STEM, Gender, and Leaky Pipelines

Written by: Stephen Hsu

Primary Source: Information Processing

Some interesting longitudinal results on female persistence through graduate school in STEM. Post-PhD there could still be a problem, but apparently this varies strongly by discipline. These results suggest that, overall, it is undergraduate representation that will determine the future gender ratio of the STEM professoriate.

The bachelor’s to Ph.D. STEM pipeline no longer leaks more women than men: a 30-year analysis

(Front. Psychol., 17 February 2015 | doi: 10.3389/fpsyg.2015.00037)

D. Miller and J. Wai

For decades, research and public discourse about gender and science have often assumed that women are more likely than men to “leak” from the science pipeline at multiple points after entering college. We used retrospective longitudinal methods to investigate how accurately this “leaky pipeline” metaphor has described the bachelor’s to Ph.D. transition in science, technology, engineering, and mathematics (STEM) fields in the U.S. since the 1970s. Among STEM bachelor’s degree earners in the 1970s and 1980s, women were less likely than men to later earn a STEM Ph.D. However, this gender difference closed in the 1990s. Qualitatively similar trends were found across STEM disciplines. The leaky pipeline metaphor therefore partially explains historical gender differences in the U.S., but no longer describes current gender differences in the bachelor’s to Ph.D. transition in STEM. The results help constrain theories about women’s underrepresentation in STEM. Overall, these results point to the need to understand gender differences at the bachelor’s level and below to understand women’s representation in STEM at the Ph.D. level and above. Consistent with trends at the bachelor’s level, women’s representation at the Ph.D. level has been recently declining for the first time in over 40 years.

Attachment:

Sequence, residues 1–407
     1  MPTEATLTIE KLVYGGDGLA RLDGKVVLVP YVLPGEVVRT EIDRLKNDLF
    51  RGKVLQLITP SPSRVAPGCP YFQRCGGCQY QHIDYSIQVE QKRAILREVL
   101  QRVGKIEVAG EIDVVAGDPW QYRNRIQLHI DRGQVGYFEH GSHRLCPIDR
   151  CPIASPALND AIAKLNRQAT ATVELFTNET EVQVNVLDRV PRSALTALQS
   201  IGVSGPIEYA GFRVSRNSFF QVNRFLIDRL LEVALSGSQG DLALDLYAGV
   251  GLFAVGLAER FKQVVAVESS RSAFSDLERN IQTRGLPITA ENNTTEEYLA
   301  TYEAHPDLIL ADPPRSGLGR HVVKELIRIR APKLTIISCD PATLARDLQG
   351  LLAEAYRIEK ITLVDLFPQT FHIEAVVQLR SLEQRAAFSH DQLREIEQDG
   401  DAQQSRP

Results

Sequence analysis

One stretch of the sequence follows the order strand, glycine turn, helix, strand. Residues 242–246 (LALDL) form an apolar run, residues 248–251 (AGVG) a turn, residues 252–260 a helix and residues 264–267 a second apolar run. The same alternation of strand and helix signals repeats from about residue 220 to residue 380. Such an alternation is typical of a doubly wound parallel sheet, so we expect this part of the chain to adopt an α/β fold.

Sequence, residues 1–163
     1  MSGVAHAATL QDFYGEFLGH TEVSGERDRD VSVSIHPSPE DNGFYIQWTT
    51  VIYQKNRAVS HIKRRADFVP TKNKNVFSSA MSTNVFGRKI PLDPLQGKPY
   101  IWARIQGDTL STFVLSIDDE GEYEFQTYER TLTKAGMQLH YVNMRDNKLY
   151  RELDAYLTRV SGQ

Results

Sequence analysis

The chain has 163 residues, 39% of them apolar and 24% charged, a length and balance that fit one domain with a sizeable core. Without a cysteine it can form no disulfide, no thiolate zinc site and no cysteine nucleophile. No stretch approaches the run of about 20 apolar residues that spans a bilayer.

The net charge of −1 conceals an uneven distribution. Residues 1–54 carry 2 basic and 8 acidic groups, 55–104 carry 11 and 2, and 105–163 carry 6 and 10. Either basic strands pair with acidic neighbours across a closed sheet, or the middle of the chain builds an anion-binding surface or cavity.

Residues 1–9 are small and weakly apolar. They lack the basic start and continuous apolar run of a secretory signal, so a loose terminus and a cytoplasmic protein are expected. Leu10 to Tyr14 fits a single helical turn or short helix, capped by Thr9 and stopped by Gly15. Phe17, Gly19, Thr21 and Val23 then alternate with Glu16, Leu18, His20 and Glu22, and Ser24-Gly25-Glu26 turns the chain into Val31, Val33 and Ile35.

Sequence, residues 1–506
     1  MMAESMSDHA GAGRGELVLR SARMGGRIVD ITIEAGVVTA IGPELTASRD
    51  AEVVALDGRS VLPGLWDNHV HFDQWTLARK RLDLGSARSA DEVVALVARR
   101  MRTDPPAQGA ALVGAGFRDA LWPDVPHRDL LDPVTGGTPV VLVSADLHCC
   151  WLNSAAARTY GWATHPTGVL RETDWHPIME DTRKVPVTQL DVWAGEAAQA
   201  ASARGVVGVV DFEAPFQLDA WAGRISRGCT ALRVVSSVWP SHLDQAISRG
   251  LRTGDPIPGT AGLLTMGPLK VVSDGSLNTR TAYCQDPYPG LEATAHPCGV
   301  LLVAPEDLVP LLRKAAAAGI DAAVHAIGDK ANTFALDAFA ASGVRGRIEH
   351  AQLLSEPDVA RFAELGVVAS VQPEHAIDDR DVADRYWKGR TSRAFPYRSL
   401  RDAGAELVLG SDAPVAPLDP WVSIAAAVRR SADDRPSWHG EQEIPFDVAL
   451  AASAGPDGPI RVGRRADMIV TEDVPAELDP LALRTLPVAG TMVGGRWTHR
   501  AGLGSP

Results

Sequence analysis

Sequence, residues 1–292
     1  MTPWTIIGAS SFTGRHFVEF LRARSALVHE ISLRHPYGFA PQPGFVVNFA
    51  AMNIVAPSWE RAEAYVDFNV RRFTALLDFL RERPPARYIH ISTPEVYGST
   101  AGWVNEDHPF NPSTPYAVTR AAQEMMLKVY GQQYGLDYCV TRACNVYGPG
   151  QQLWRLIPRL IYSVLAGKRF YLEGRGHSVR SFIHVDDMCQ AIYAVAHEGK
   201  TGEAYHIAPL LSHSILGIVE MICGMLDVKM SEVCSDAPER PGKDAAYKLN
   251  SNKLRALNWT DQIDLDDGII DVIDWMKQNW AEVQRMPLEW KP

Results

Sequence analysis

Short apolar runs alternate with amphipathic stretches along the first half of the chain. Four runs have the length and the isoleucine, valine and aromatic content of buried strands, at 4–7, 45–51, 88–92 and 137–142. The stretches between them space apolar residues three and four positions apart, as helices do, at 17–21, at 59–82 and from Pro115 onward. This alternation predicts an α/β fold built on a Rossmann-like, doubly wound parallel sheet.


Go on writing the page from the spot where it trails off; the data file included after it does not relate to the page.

… However, as reviewed earlier, the post-Ph.D. academic pipeline leaks more women than men only in some STEM fields such as life science, but surprisingly not the more male-dominated fields of physical science and engineering (Ceci et al., 2014). …

Conclusion: Overall, these results and supporting literature point to the need to understand gender differences at the bachelor’s level and below to understand women’s representation in STEM at the Ph.D. level and above. Women’s representation in computer science, engineering, and physical science (pSTEM) fields has been decreasing at the bachelor’s level during the past decade. Our analyses indicate that women’s representation at the Ph.D. level is starting to follow suit by declining for the first time in over 40 years (Figure 2). This recent decline may also cause women’s gains at the assistant professor level and beyond to also slow down or reverse in the next few years. Fortunately, however, pathways for entering STEM are considerably diverse at the bachelor’s level and below. For instance, our prior research indicates that undergraduates who join STEM from a non-STEM field can substantially help the U.S. meet needs for more well-trained STEM graduates (Miller et al., under review). Addressing gender differences at the bachelor’s level could have potent effects at the Ph.D. level, especially now that women and men are equally likely to later earn STEM Ph.D.’s after the bachelor’s.

The following two tabs change content below.
Stephen Hsu
Stephen Hsu is vice president for Research and Graduate Studies at Michigan State University. He also serves as scientific adviser to BGI (formerly Beijing Genomics Institute) and as a member of its Cognitive Genomics Lab. Hsu’s primary work has been in applications of quantum field theory, particularly to problems in quantum chromodynamics, dark energy, black holes, entropy bounds, and particle physics beyond the standard model. He has also made contributions to genomics and bioinformatics, the theory of modern finance, and in encryption and information security. Founder of two Silicon Valley companies—SafeWeb, a pioneer in SSL VPN (Secure Sockets Layer Virtual Private Networks) appliances, which was acquired by Symantec in 2003, and Robot Genius Inc., which developed anti-malware technologies—Hsu has given invited research seminars and colloquia at leading research universities and laboratories around the world.
Stephen Hsu

Latest posts by Stephen Hsu (see all)